Dr. Bergeron: So, the grants are really separate? [Inaudible] think of it that way. And we'll probably say this later, obviously, there's opportunity to maybe roll those into a single grant.
Ann: And again, I think, and maybe Heather may comment on that later. Absolutely, programs do have that opportunity.
Dr. Bergeron: And I think it's important to note here, it says “Uncorrected deficiencies lead to termination.” I think sometimes people think because they fixed it, it goes away.
Ann: Or correct it …
Dr. Bergeron: It goes away, but the correction is actually required. That's not a bonus, that's requirement. So, that's not going to get rid of the deficiency classification. That's really important for folks. Not that we don't appreciate the correction, but it is still a decision.
Ann: Well, and if they've not corrected, then it would have been an adverse action.
Dr. Bergeron: Right. So, important thing to note there. We're going to move to my favorite topic, CLASS, and actually, as we do this, I should have mentioned in the beginning, one of the things we really want you to notice about this DRS rule is that what we've tried to do is adopt that growth mindset that I've talked a lot about, get away from ... I mean, we're going to have some compliance, but to get away from that gotcha compliance mindset and really think about how can we improve what we're doing. I think the deficiency is a good example of that, but I also think that these changes in the CLASS condition are really representative of that new growth thinking, and I hope folks will take advantage of this as a way of motivating and supporting the work that they're doing in classrooms for children.
Colleen Rathgeb: Hi everybody, this is Colleen. I'm going to talk through the new CLASS condition and try to answer some of the questions that we have gotten about it since it the rule came out last week. In a nutshell, the revived CLASS condition has two different thresholds.
There is a competitive threshold and a quality threshold. So, if a grantee has a score below the competitive threshold in any CLASS domains, that will trigger competition. A score below the quality threshold in any CLASS domain does not trigger competition, but instead, in those cases, OHS will support the grant team to implement quality improvement efforts. Instead, this is really about how do we get to grantees to grow in quality, continue to look at it in a continuous way. So, the quality of threshold is not about competition, it's about supporting grantees to implement quality improvement efforts so they can improve those classrooms and support those education staff in doing so.
Dr. Bergeron: And now, we'll go into some detail here, so can you talk about the CLASS quality thresholds? Or did I skip competition?
Colleen: It was me, I jumped in when I wasn't supposed to. So, back one. Yeah, thanks. Sorry. We want to talk about what the CLASS competitive thresholds are. A score below any of these competitive thresholds is what will require competition, and those thresholds are: For emotional support, it is any score below a five. For classroom organization, also any score below a five. For instructional support, the competitive threshold right now is any score below a 2.3, and then, in five years, starting August 1st, 2025, that is going to move from a 2.3 to a 2.5. So again, talking about the growth and how we're really pushing grantees to continue to improve and focus on those interactions in classrooms that are so important.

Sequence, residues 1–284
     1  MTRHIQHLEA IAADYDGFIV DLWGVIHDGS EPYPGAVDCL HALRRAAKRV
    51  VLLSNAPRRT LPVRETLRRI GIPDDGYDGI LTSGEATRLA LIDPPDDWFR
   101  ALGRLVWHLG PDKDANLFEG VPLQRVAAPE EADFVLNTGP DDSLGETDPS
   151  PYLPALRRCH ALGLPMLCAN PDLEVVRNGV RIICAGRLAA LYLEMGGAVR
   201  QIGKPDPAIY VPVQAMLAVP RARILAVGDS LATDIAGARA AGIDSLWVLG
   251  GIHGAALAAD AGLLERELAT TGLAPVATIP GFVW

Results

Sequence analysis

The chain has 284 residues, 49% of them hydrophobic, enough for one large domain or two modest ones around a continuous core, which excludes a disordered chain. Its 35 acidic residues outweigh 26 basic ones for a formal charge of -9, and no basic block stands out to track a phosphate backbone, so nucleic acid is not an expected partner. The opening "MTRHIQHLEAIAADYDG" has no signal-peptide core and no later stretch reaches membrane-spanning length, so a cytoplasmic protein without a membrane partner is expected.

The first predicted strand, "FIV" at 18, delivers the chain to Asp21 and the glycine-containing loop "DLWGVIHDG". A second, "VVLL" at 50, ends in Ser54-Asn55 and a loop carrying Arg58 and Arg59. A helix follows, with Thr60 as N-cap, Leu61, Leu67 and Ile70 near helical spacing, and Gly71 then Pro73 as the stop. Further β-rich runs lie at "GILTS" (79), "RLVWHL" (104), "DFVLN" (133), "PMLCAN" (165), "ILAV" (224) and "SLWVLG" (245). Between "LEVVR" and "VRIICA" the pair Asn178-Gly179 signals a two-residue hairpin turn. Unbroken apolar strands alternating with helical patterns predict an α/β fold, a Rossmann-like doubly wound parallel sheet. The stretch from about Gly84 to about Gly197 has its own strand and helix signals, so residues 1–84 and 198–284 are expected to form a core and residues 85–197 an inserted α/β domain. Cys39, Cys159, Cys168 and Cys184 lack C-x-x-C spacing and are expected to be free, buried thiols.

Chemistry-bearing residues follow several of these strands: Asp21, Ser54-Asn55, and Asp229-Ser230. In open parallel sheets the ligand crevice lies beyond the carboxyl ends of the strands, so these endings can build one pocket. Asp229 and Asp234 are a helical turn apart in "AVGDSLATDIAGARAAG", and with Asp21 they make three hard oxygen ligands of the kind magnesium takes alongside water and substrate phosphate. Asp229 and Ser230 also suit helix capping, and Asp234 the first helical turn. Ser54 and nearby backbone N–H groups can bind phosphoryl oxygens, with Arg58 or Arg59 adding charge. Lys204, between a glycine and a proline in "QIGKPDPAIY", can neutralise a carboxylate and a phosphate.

Dr. Bergeron: And it's important, I think for me to just note here, I think breaking that instructional support into these two gradual shifts up could be confusing at first. So, we need folks to really look at that and understand what it means, but I would say here that I was really pushing for a higher threshold, and my friends here in this office made a case for giving folks time to work toward that. So, look at it that way. This is an opportunity for us to have time to really look at that higher level of performance and have the time to work toward that high achievement. And so, hopefully, even though it's broken into two, and you got to read the fine print, this is actually something that really supports that growth model. And then we look at the quality thresholds.
Colleen: The quality thresholds again, are ... We talked about, these are not about competition, they are about looking at the scores that we really want programs to be at. So, this is setting the expectations for programs to either be here or be above it. And so, if grantees score below these quality thresholds, we're going to support grantees to really implement quality improvements in their professional development systems and TA. Those thresholds are: For emotional support, anything below a six, for classroom organization, also again, anything below a six, and then for instructional support, anything below a three is what is going to signal for us that we really need to focus with that grantee on some quality improvement. Not about competition, but again, improving the quality in the classroom.
Dr. Bergeron: This kind of reminds me of when you were in college and the professor would say, “Well, if you have an A, you don't have to take the final.” You don't fail the class if you don't have an A, but if you're at that high level of performance, we recognize that. And we think it's important that we recognize it, and also that we set that standard so that ... We believe this is doable by every single one of our programs, I do. With the right support, I think everybody can do this. And how fantastic would it be for Head Start, across the country, to be performing at this level? I think it's a great goal. Very exciting. OK. Can you talk a little bit about why we decided to establish two sets of class?